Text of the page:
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the present administration if it should be effected on equitable terms. The test of such a commercial tariff is a very simple one. You have only to propose the question whether Congress would abolish its own im post-duties, if other nations did so. If the answer be in the affirmative, and sincerely so, those duties are constitutional. If on the contrary the object be exclusion or prohibition—if our customs be raised just in proportion as those of other nations are reduced-such an exercise of the power to regulate commerce seems to us a fraud upon the law. That this pretence has lately been set up by the advocates of the “system,” we are well aware. It was a mere after-thought, and is wholly inconsistent with the professed principles and the uniform conduct of the majority of that party. We dare say that there are many in the tariff ranks who would desert them, if they saw what they deem a fair compensation offered to the government in a treaty of commerce. We have no doubt, for this reason, that, if the feelings of our government are properly understood, the British ministry might, for some time at least, abolish the protecting system of this country, by a concession to the corn trade. But the doctors of the Harrisburg Convention, and all others of the same farina, would be grossly scandalized at such a result. It is necessary, however, in the practical application of this principle, to make a distinction between the laws against which such retaliatory measures are employed. Where new restrictions are imposed by foreign governments, they may be more easily defeated by such a policy. Congress, therefore, in such cases, would be justified in trying the expedient without hesitation. The example of the West India trade is in point here, and be it remembered to the credit of our fellow-citizens of Charleston, that believing the government to have in view only the interest and honour of the whole in that step, politic or impolitic, they (although suffering much under the restriction) refused, after argument, even to petition for its removal. If, on the contrary, the restraints imposed by foreign countries were part of an ancient, settled, fundamental policy, it would be almost hopeless, and rather presumptuous to require that it should be abandoned. In such a case, the laws of a foreign conntry may well be regarded, as Mr. M’Duffie and others have expressed it, as so many laws of nature against which man rebels only to feel and to show his own impotence. Unquestionably, if it be ascertained that such a system abroad, canno: be shaken, it would be an unreasonable and unwarrantable exercise of the federal power over commerce, to restrain it on such a pretext.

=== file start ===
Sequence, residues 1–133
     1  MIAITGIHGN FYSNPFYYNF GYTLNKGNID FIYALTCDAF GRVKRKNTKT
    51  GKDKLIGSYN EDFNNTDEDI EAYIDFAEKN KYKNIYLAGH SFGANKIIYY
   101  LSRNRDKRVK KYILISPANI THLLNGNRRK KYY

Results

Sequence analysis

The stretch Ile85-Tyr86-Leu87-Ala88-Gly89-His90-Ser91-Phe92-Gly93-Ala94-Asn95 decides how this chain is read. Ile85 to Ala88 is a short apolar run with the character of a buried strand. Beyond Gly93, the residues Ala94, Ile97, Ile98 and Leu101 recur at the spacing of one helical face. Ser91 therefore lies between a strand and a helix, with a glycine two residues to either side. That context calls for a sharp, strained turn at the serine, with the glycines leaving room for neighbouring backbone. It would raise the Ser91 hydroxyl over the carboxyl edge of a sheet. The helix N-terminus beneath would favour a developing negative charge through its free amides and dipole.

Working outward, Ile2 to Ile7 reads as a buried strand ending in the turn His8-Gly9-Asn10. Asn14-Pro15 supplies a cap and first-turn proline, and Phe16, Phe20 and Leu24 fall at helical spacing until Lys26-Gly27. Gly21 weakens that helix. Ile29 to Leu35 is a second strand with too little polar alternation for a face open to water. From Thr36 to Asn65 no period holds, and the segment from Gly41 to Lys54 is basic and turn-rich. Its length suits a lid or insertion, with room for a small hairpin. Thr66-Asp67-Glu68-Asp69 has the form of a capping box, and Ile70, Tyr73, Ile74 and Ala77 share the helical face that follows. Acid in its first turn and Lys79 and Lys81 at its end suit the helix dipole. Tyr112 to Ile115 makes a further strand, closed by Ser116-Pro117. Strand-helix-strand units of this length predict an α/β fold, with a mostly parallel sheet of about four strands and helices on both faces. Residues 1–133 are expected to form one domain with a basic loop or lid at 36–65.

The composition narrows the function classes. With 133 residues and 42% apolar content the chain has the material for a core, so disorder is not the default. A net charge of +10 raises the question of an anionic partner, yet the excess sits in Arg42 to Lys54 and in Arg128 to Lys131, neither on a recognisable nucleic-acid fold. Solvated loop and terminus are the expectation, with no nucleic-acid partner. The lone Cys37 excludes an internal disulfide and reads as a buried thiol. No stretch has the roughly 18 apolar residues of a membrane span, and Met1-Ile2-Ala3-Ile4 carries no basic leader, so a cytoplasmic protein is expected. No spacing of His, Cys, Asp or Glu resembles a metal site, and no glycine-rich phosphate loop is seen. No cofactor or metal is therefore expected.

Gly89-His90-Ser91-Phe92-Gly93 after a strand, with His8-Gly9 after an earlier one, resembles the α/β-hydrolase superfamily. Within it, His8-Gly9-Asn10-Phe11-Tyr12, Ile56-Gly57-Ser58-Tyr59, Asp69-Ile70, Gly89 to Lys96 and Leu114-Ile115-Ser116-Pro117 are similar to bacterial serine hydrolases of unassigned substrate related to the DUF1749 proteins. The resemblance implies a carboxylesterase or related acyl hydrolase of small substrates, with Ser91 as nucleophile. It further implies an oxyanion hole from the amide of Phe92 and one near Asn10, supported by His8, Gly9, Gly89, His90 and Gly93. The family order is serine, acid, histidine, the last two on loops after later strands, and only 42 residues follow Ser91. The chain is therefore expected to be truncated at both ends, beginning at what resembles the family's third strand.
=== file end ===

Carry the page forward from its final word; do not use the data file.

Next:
We shonld have less confidence in our conclusions upon this subject--sound as they appear to us in theory--if they were altogether novel and speculative. But the truth is, that the very distinctions we set up, and which have been pronounced altogether paradoxical, have been made by our old common lawyers, on analogous subjects long ago. And first, as to the difference between a tariff of protection, and countervailing duties with the bona fide purpose of increasing, in the end, the trade which they at first restrain. In the case of "customs, subsidies, and impositions,” Lord Coke reports the result of a conference between Popham, Chief Justice, and himself, upon a judgment (then) lately given in the Exchequer, concerning the impositions of currants. He states some preliminary matters and then proceeds. “Upon all which, and divers records which we had seen, it appeared to us that the King cannot at his pleasure put any imposition upon any merchandize to be imported into this kingdom or exported, unless it be for the advancement of trade and traffic, which is the life of every island, pro bono publico. And if in foreign parts any imposition is put upon the nerchandize of our merchants, non pro bono publico; and to make equality for the purpose to advance trade and traffic, the king may put an imposition upon their merchandizes, for this is not against any of the statutes which were made for advancement of merchandize, or of the statutes of Magna Charta, c. 30, &c. for the end of all such restraints is salus populi, and so in the case of currants, &c. and also in the case of customer Smith, &c. both the impositions were imposed, upon the said reason to make equality, for this was the truth of both cases, (scil) the advancement of trade and traffic, and for this cause such in position were lawful."'*